Going To Hawaii
(That’s me on the left with good ‘ol Chief of the Boat pulling into Hawaii)

Being a former Bubblehead, I thought I’d make this week’s topics about bubbles… beer bubbles…

Cold serving temperatures can increase your beer’s head formation…

Last week I talked about the under-carbonation problem I had on one of my Pumpkin Ales and today I’m going to share how I’m dealing with that brew because it did turn out quite tasty…

First, bottle carbonating is all about getting yeast to eat more sugar so it produces CO2 inside the bottle. The CO2 rises to the top and accumulates in the headspace until there is no more room… at that point it begins to dissolve back into the liquid… that’s the point at which your beer becomes ‘carbonated’….

Lower temperatures allow more CO2 to be dissolved into our beer…

So what I did with my undercarbed pumpkin ale was to store them in a cooler with ice to get the beer near freezing temperatures, but without freezing them… I let them sit there for about 48 hours and when I went to pour my prior non-head forming beer, I got about 1/2″ head….

That may not sound like a lot, but this beer was pouring almost like juice with no head whatsoever because the carbonation is so low… but by lowering the temperature I was able to get more CO2 to dissolve into the beer…

Keep in mind that I allowed CO2 to be produced to begin with… my problem came about because I multi-tasked (bottled, brewed another batch and made a video for you all at the same time) by myself and somehow had most my priming sugar end up on one bottle which made it my #4 bottle bomb… that left less priming sugar for the rest of the bottles and thus low carbed…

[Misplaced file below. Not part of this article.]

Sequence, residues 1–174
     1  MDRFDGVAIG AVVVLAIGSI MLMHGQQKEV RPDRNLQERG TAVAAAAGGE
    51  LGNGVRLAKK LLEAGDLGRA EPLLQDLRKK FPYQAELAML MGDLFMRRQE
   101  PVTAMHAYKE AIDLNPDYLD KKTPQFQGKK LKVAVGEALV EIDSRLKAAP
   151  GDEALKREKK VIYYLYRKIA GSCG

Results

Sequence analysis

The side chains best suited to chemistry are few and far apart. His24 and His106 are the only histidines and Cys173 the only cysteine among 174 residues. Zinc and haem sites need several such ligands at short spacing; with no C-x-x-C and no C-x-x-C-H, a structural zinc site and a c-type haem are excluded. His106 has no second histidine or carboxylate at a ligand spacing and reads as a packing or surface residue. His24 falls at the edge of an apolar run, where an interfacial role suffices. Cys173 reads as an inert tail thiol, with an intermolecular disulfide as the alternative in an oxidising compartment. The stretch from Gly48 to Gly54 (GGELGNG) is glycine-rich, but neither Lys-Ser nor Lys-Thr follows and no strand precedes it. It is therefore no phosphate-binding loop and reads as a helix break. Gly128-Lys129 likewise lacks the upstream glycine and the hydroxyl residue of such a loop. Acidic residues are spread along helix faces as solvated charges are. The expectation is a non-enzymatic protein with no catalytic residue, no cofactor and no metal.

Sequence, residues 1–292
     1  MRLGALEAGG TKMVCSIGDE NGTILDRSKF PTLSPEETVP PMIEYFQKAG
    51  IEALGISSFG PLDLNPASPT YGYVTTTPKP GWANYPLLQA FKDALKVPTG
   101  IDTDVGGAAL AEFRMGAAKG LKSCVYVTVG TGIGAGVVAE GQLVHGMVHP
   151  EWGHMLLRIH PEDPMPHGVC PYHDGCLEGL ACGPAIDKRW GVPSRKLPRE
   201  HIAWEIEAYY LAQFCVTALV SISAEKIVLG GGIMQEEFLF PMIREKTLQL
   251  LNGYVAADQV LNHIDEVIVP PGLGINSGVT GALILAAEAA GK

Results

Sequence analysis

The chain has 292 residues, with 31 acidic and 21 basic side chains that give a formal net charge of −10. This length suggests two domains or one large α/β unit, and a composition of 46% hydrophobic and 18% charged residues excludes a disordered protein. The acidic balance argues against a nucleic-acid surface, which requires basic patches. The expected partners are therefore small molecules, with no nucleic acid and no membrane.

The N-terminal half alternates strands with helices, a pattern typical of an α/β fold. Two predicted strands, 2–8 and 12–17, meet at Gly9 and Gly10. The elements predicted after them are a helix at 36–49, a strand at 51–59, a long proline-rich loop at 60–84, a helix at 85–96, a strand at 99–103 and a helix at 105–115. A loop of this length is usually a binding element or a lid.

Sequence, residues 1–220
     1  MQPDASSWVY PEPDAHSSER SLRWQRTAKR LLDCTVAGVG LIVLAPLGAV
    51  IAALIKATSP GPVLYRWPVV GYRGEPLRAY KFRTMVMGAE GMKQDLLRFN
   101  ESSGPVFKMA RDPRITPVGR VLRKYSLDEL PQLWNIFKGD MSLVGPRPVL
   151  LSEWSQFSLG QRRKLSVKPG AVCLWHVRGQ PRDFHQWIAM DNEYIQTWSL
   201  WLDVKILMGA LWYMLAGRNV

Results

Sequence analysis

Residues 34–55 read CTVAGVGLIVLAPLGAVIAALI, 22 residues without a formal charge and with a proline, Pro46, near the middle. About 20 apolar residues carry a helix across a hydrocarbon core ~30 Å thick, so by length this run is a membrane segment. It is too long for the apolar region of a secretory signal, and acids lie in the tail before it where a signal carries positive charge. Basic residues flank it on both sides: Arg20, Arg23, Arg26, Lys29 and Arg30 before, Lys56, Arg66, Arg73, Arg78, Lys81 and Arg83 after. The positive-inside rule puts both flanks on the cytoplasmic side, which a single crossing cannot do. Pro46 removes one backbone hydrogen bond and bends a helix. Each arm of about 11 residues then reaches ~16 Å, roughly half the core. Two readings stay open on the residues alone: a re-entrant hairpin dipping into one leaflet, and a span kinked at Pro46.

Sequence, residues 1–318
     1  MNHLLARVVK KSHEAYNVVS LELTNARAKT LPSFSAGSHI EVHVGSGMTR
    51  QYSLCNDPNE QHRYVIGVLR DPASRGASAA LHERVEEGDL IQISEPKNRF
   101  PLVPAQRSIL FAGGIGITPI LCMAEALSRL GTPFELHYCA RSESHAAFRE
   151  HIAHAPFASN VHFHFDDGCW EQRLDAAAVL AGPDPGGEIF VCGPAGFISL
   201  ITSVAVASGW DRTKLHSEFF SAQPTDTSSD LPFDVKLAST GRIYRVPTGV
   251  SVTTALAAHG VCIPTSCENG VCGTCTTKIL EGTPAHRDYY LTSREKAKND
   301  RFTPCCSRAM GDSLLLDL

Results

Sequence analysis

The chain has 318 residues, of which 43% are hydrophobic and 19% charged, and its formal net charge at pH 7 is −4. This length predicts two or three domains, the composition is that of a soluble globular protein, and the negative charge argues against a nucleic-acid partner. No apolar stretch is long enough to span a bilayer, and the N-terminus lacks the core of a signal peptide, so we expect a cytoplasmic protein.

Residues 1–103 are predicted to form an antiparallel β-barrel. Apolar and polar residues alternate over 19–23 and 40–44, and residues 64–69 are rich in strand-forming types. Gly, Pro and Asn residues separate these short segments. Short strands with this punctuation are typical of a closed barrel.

So before you store your bottles cold to increase carbonation, make sure you allow CO2 to be produced…

One mistake I see new brewers make more often than not is to bottle their beer and put one or two in the fridge right away… the problem with doing this is that yeast becomes inactive at fridge temperatures… inactive yeast equals no sugar being eaten, which equals no CO2 produced…

Second…. if you do chill your beer to allow more CO2 to dissolve, note that it will have an effect on taste… cold temperatures inhibit your taste buds from detecting flavors while warmer temperatures allow more flavors to stand out… that’s why light commercial beers are better ice cold, while darker flavorful craft brews are served at warmer temperatures (45 – 60 F)…

Last, whenever you brew a good beer that has an aspect you are unsatisfied with, you can blend the beer… this is an advanced technique used to balance beers or come up with variations…

I only like the idea of blending beers when you have two good beers… some brewers will try to blend an infected beer with a good one and that’s not something I recommend…. I wouldn’t ruin a perfectly good beer with a bad one…

In my case I have an undercarbonated Pumpkin ale and a fairly well carbonated one… both taste very similar… so blending the beers gives me a pumpkin ale with a moderate carbonation, not low or high…

This technique can be used to balance beers in other ways…. say you brew a beer that is too bitter…. if that’s the only thing that is wrong, you could save the beer and use it to blend it with a beer that is too sweet… this is easier if the beers are of the same or similar style… if they are extremely different in styles, then you have to watch out for flavors that may clash rather than complement each other, but that’s a topic for another day..

Cheers!


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